So it might be Lithium Titanate, or a Sodium Ion, or a Potassium Ion, or a Lithium Iron Phosphate, or a Lithium Manganese Oxide, or a …. cell that replaces the Lithium Cobalt in the 2020+ model year cars. I’m pretty sure nobody but the engineers and repair guys will even notice…

  7. oldbrew says:

    The role of cobalt in battery supply

    Despite some researchers attempting to find a NMC battery with zero cobalt composition, Gao estimates that at least 10% cobalt must be used in battery cathode chemistry at all times due to safety and battery longevity reasons.
    – – –
    The Renault-Nissan-Mitsubishi Alliance is working on solid-state battery technology, that it hopes to bring to market in its plug-in vehicles as soon as 2025.

    According to reports in the Financial Times, the electric vehicle giant is developing the next-generation battery technology, which would see EV driving ranges increase and charging times reduce compared to existing lithium-ion packs.

    Other benefits include a longer life and the potential for reduced production costs, but there are a number of problems currently, including the materials used, and testing on a large scale.
    . . .
    The likes of BMW and Toyota are also working on bringing solid-state EVs to market

  8. stpaulchuck says:

    it’s much worse than all that folks. Have you taken note of the increased incidents of insanity? There’s is a definite ramp up in insane incidents in the last decade particularly.

    It’s all down to these damnable lithium based batteries. The massive redirect to the battery industry has driven up the price of lithium to the point people with sanity issues can’t afford their meds. We must put a stop to it. [/snark]

    Look guys, just let science and the market alone to fix it like they have for ages. Either a new battery entirely or some substitute will come along and all the brouhaha will die away. We’ve done it before. We’ll do it again. I’ve noted a number of promising technologies over on Phys-dot-org. Cheers.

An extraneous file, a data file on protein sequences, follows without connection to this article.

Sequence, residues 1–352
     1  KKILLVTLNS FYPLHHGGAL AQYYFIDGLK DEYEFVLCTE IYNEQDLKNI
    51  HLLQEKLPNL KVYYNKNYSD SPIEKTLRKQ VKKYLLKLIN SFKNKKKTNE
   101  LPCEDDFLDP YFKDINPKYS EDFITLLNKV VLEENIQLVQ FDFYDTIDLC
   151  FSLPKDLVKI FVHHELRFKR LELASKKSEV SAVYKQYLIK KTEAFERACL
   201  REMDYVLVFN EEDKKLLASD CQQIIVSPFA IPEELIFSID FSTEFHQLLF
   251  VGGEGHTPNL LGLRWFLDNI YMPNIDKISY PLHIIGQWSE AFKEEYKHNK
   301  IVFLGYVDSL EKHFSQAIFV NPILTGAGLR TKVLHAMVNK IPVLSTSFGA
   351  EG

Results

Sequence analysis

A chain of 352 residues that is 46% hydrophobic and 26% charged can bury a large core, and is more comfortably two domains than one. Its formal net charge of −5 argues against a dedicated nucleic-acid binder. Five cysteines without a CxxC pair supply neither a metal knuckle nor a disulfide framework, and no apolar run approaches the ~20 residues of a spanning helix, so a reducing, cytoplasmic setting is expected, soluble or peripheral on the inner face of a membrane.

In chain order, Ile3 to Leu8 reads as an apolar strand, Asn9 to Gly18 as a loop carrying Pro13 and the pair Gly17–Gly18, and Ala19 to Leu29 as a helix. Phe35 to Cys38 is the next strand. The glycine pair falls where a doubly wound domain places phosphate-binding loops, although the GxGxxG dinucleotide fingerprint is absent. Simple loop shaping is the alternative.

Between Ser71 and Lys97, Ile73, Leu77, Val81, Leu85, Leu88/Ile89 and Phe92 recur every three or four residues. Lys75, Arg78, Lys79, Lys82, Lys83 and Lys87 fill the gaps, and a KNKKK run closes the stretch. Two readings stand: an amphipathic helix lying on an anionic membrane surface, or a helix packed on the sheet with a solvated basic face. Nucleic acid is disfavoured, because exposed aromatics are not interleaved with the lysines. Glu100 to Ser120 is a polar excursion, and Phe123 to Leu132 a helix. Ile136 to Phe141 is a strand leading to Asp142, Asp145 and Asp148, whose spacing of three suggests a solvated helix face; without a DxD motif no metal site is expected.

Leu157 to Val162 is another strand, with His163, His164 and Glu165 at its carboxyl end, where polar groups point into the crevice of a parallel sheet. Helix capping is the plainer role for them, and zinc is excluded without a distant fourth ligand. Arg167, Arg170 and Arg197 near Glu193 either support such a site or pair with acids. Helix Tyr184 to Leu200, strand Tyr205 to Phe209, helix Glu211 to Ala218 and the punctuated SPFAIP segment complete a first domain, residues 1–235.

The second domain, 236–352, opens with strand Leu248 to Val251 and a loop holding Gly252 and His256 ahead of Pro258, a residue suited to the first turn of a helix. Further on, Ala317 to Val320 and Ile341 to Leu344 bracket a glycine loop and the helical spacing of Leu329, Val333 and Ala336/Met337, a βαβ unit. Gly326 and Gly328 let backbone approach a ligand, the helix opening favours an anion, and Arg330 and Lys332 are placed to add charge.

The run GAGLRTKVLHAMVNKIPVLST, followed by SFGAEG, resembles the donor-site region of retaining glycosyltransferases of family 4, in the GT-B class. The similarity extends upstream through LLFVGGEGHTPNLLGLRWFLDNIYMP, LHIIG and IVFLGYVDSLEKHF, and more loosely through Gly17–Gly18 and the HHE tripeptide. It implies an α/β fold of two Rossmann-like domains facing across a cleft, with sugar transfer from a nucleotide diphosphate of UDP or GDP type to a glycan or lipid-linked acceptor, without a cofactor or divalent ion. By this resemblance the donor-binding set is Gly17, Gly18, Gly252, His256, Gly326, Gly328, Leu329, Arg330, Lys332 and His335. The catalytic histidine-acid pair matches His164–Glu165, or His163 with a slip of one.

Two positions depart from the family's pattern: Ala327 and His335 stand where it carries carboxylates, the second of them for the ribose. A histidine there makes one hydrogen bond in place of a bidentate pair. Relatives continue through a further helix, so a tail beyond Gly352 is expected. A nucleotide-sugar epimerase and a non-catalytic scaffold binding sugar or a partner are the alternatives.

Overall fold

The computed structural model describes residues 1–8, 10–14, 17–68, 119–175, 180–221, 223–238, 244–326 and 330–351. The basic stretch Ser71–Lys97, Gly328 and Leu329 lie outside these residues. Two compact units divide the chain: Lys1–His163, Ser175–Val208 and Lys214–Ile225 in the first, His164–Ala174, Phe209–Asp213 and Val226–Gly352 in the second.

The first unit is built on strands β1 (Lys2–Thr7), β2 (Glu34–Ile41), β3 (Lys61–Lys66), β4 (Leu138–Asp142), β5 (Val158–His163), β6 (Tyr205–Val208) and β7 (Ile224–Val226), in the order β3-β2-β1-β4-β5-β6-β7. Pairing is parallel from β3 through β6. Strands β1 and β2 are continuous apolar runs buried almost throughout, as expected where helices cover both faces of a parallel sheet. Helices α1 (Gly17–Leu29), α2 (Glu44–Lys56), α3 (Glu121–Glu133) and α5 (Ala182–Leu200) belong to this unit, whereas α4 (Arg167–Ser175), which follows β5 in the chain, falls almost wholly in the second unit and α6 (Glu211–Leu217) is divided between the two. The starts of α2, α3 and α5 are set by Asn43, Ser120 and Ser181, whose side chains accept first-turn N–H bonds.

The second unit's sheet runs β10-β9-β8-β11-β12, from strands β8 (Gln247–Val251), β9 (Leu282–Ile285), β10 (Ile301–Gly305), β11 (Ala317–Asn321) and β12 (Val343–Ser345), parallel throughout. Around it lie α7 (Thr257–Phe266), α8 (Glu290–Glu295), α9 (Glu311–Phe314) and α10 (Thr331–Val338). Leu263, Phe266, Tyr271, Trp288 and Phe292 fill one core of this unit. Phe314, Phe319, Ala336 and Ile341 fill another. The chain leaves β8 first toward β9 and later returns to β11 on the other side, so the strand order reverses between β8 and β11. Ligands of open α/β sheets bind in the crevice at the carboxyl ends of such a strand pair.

9. manicbeancounter says:

    I was a management accountant for a number of years at a chemical factory where cobalt was easily the most valuable raw material. It was originally used as a drying agent for oil-based paint (the traditional metal being lead). In the 1970’s it was used in a bonding agent in steel radial tyres to help the steel adhere to the rubber. From around 1989 to 1992 the more than tripled to over $30,000 per tonne. Large fluctuations in the cobalt price is not uncommon.
    But if the prices of cobalt remain high, then extraction in cobalt-rich copper and nickel mines will rise, whereas in those mines with little or no cobalt will fall.
    However, it would be useful to know the cobalt content of lithium-ion batteries. In a tyre, the cobalt content is maybe a couple of grammes, so the recent rise has added less than a £1 to the cost of a tyre.

  10. oldbrew says:

    mbc – a figure I saw was a minimum of 10% cobalt, 15% more likely – depending on exact battery type.

    Zero cobalt is possible but with less battery performance.

  11. […] 50 percent of the world’s cobalt comes from the Congo, where it’s largely mined by hand, in some instances by […]